PG&E supports a U.S. Department of Energy proposal for new efficiency standards that would cut commercial rooftop air conditioner energy use by about 30 percent, saving businesses billions of dollars.
The proposal on Thursday (Sept. 18) would achieve the largest national energy savings of any standard ever issued by the department. A final rule for rooftop air conditioners is expected to be published by the end of 2015.
Vincent Davis, senior director of energy efficiency for PG&E, said businesses will benefit.
“Commercial cooling is a big part of the electricity load in many parts of California,” Davis said. “Working through our efficiency programs, PG&E and the other California utilities have encouraged installation of high efficiency commercial cooling systems. These proposed new national standards will help further drive energy savings for customers.”
Air conditioners account for about 10 percent of a typical commercial building’s electricity costs.
“The new standards will drive innovative, energy-efficient air conditioners into buildings across America, not only saving businesses money, but also reducing electricity demand and environmental emissions,” said Steve Nadel, executive director of the American Council for an Energy-Efficient Economy.
The Department of Energy estimates that over the lifetime of units sold over 30 years, the proposed standards would save businesses between $16 and $50 billion and reduce electricity consumption by about 1.3 trillion kilowatt-hours, or enough energy to cool all the commercial buildings in the United States for seven years.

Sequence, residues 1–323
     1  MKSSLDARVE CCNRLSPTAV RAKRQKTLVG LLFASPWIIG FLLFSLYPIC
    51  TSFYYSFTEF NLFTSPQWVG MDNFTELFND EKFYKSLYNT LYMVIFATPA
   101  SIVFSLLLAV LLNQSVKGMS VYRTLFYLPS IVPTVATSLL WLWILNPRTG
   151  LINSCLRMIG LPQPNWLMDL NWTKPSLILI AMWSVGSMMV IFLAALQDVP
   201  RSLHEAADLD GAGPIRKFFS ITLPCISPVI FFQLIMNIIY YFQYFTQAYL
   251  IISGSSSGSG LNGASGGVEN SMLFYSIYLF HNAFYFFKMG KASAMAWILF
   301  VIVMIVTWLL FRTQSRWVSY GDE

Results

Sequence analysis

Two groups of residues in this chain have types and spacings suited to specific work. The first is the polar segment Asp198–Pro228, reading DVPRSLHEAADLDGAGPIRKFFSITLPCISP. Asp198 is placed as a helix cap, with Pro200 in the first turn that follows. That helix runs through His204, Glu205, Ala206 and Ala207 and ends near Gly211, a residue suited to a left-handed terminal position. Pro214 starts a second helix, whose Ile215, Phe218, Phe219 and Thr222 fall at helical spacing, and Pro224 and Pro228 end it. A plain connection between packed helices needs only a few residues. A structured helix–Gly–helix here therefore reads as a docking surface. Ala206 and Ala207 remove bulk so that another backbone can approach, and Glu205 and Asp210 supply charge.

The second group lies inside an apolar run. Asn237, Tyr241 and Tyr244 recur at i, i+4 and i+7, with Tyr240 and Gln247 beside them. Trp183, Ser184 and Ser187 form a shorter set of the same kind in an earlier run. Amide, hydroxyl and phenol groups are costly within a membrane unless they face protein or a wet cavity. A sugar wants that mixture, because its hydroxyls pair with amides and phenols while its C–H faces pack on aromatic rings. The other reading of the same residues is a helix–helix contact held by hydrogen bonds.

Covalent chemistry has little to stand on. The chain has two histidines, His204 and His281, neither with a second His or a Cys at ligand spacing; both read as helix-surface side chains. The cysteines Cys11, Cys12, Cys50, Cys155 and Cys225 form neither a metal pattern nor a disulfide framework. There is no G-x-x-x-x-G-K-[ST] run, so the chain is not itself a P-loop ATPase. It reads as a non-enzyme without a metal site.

The new standards would net a typical building owner between $3,500 and $16,500 over the life of a single commercial rooftop air conditioner. Overall savings will often be higher since most buildings have multiple units. For example, a big-box store can have more than 20 rooftop air conditioners.
Rooftop air conditioners are commonly used in low-rise buildings such as schools, restaurants, big-box stores and small office buildings. They cool about half of the total commercial floor space in the United States. (Most of the other half is cooled by chilled water systems, residential-type central air conditioners, or individual air conditioners mounted in windows or external walls.)
The current efficiency standards for rooftop air conditioners measure efficiency at full capacity despite the fact that air conditioners rarely operate at that level except on the hottest days. The new proposed standards are instead based on a metric that captures efficiency at 25, 50, 75 and 100 percent of full capacity, better reflecting real-world performance.
“Energy efficiency standards covering a range of products have been one of America’s most successful policies for meeting the nation’s energy needs,” said Andrew deLaski, executive director of the Appliance Standards Awareness Project. “Thanks to already existing standards, U.S. electricity use will be about 14 percent lower in 2035. The new commercial AC standards along with other new standards completed this year will add to that record of achievement.”
In 2013, President Obama established a goal of reducing carbon dioxide emissions by 3 billion metric tons by 2030 through efficiency standards. The Department of Energy is now about 70 percent of the way toward the president’s goal.